Hoppin’ John and Johnny Cakes

I love it when a dish comes with a side plate of history.

Hoppin’ John is one of those dishes. In the Deep South, this stew made with black eyed peas is traditionally eaten on New Year’s Day because it is believed to bring good luck throughout the rest of the year.

There are all sorts of rituals that come with this practice, including leaving a coin under the bowl or even in the stew itself, or counting the number of peas to see how many lucky days you will have during the coming year, or leaving three peas in the bowl at the end of the meal — one for luck, one for money and one for love.

Whew! But that’s not all. Hoppin’ John is usually served with brasied collard, turnip or mustard greens because they are the color of money, and with corn bread because it is the color of gold.

Finally, leftover Hoppin’ John is eaten again the following day — only this time it is called Skippin’ Jenny — to show how frugal you are.

The name Hoppin’ John may refer to a legendary character, or it may simply come from the Creole French for black eye peas, “pois pigeons”. No one knows for sure.

Back in the northern states, our food rituals are not nearly as interesting. Johnny cakes are what people from New England used to call corn bread around the time of the Revolutionary War. Because they would stay edible even during a long day’s journey on horseback, with the flat, nasal Yankee accent “journey cakes” became “johnny cakes.”

I may have been a couple of weeks late with this dish, but I hope it brings me luck for the rest of this year!

Hoppin’ John

4 TBS unsalted butter

1 white onion, medium dice

1 green pepper, ribs and seeds removed, medium dice

2 stalks of celery, ribs and leafs included, medium dice

3 cloves garlic, crushed

4 cups dried black eyed peas (soaked 6 hours)

32 oz chicken stock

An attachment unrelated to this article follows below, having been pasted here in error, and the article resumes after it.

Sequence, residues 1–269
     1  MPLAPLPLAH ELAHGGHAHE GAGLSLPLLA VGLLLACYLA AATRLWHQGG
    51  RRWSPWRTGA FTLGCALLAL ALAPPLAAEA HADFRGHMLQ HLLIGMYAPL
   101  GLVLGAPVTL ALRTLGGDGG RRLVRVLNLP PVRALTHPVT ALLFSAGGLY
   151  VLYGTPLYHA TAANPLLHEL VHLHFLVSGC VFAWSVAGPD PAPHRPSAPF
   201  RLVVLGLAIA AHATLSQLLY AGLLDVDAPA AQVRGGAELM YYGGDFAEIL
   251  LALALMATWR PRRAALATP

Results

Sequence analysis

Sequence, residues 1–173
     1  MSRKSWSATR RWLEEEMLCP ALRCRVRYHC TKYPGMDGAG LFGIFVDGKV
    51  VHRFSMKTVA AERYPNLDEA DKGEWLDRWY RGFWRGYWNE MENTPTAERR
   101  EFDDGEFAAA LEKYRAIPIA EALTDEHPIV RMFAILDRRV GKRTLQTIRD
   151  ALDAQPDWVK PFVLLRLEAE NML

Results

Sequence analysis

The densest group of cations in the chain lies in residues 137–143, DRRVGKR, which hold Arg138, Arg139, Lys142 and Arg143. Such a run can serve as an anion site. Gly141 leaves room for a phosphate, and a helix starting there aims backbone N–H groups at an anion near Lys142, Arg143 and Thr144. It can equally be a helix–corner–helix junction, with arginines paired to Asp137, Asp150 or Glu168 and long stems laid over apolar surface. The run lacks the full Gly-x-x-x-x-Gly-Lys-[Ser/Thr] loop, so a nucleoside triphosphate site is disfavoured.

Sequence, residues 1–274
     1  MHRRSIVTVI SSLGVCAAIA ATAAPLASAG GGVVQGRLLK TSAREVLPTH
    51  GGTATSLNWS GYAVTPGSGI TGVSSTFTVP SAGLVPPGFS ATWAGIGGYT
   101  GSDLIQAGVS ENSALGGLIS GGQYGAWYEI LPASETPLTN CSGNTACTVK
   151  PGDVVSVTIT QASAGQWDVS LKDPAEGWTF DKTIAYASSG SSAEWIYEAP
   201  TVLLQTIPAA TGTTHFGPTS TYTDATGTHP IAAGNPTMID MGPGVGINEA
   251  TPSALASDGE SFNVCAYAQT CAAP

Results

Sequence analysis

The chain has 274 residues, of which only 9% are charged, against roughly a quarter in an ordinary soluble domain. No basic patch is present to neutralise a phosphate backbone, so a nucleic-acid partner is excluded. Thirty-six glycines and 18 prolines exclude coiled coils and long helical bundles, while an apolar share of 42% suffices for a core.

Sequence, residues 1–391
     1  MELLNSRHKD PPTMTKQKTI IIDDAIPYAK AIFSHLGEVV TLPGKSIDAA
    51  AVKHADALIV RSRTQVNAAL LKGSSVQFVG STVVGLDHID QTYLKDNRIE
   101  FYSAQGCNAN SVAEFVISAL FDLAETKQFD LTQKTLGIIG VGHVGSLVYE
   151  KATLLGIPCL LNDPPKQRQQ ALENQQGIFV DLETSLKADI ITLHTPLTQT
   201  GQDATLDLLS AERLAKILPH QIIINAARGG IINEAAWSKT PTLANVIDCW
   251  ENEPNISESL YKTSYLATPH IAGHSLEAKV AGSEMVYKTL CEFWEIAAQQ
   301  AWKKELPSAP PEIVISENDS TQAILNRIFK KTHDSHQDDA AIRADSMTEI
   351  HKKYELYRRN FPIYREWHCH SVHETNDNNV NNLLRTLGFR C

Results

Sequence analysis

1/2 lb sausage (any kind, your choice, I used chorizo)

1/2 tsp sea salt

1/4 tsp fresh cracked black pepper

1/2 tsp cayenne pepper

2 TBS red wine vinegar

Rice or bulgur, cooked

1. Soak black eyed peas in cool water for at least 6 hours to soften. Rinse before using.

2. In pot, melt butter then add onions, pepper, and celery and cook until onions translucent, about 5 minutes, stirring occasionally.  Remove sausage from casing, add to pot, break apart and cook until brown, about 7 minutes. Add garlic and cook another minute or two.

3. Add black eyed peas, chicken stock and seasonings and bring to a boil then reduce to a simmer. Cook until most of the liquid is absorbed, about 45 minutes, stirring occasionally.

Serve over rice with braised greens and corn bread on the side. Good luck!

What recipes do you make that come dripping with history? Share your story in the comments section below. And thanks for looking at my blog!

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South Side Grocery Bargains – Week of Sept. 28-Oct 4, 2011

Last week, I wrote about the growing popularity of dollar stores in our struggling economy. This week, I want to follow up on some of the best items to buy at the dollar store:

  • Cleaning products are the backbone of the dollar store business, according to industry experts. Because they buy close out and remnants, dollar stores often have name brands for 60 to 70 percent less than grocery chains.
  • Gift wrap is substantially less expensive at the dollar store. And buy early. National chains, even discount stores, will raise their prices right before the holidays, when consumer demand is highest.
  • Beauty products — including soap, shampoo and conditioners — can be found for less than half the price of other stores. And while you may not find expensive name brands, the quality is the same or better, experts say.
  • Kitchen gadgets are plentiful and at rock bottom prices at dollar stores. Stay away from the cheap-o items, but look for measuring cups, timers, graters and other items that will cost way more at mainstream stores.
  • Halloween candy and other bulk candy can be found for a much better value than the grocery stores. Let your kids pick out their own jumbo sized boxes of candy before taking them to the movies and you will save a fortune.